Rajan Committee’s new methodology to replace ‘special category’ status for devolution of funds to States
The panel set up by the government under the chairmanship of the then Chief Economic Advisor Raghuram Rajan (now RBI governor) has suggested ending the ‘special category’ criteria for providing additional assistance to poorer states.
Why did the government set up the Rajan Committee?
The Union Government set up Raghuram Rajan Committee amid demands for “special category” status by Bihar and some other status to get additional financial assistance from the Centre. The Committee was tasked to suggest methods for identifying backwardness of states using a variety of criteria and also to recommend how the criteria may be reflected in future planning and devolution of funds from the central government to the states.
What are the key recommendations of the Rajan Committee?
The Rajan Committee has made two key recommendations for devolution of funds to states. They are:
a) A new methodology based on a ‘Multi Dimensional Index (MDI)’.
Depending on the scores of the 28 states on the MDI, they will be split into 3 categories:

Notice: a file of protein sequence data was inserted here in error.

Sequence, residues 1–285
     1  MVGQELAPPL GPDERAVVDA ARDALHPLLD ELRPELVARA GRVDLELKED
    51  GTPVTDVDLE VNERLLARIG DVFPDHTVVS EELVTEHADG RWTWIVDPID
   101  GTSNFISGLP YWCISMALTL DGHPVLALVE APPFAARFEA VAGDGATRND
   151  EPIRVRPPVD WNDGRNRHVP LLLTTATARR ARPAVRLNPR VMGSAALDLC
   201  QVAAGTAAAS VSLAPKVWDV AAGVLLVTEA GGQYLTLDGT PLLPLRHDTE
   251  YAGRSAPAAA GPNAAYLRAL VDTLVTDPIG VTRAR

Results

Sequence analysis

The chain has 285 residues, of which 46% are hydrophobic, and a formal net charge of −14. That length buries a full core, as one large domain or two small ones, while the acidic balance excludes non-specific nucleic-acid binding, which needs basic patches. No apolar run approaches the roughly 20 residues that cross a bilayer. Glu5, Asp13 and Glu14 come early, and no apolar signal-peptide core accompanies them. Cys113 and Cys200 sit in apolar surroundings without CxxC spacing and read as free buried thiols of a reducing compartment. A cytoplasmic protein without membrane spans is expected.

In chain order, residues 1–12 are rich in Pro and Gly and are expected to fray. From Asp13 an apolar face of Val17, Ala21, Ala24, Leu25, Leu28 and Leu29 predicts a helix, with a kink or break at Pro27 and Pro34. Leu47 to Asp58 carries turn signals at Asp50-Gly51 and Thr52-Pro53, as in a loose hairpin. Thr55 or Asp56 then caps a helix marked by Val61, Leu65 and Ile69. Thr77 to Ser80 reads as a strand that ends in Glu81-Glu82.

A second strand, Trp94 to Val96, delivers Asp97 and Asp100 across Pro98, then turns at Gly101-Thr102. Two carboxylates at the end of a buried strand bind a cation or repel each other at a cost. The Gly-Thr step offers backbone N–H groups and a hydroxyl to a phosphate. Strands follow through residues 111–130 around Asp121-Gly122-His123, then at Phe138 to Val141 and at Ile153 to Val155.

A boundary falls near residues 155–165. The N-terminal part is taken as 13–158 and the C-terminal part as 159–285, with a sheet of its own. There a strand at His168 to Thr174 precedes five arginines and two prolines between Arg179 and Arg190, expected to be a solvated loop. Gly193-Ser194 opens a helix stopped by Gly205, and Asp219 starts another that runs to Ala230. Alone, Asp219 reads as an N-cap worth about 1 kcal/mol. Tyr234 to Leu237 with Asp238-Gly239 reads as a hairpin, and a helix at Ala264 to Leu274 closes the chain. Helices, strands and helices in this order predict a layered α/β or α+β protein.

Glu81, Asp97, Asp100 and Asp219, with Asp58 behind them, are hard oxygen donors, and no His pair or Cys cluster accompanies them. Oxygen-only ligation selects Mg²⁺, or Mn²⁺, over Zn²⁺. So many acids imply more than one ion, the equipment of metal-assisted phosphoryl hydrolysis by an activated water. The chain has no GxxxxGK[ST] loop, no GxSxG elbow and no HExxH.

- Least developed
- Less developed
- Relatively developed
b) Each state should get a basic fixed allocation and an additional allocation depending on its development needs and development performance.
As per the Committee, these two recommendations, along with the allocation methodology, will effectively subsume what is now “Special Category” status.
According to the MDI scores:
- Least Developed states: Odisha, Bihar, Madhya Pradesh, Chhattisgarh, Jharkhand, Arunachal Pradesh, Assam, Meghalaya, Uttar Pradesh and Rajasthan.
- Less Developed states: Manipur, West Bengal, Nagaland, Andhra Pradesh, Jammu and Kashmir, Mizoram, Gujarat, Tripura, Karnataka, Sikkim and Himachal Pradesh.
- Relatively Developed states: Goa, Kerala, Tamil Nadu, Punjab, Maharashtra, Uttrakhand and Haryana.
The Department of Economic Affairs will soon examine the report and take necessary action.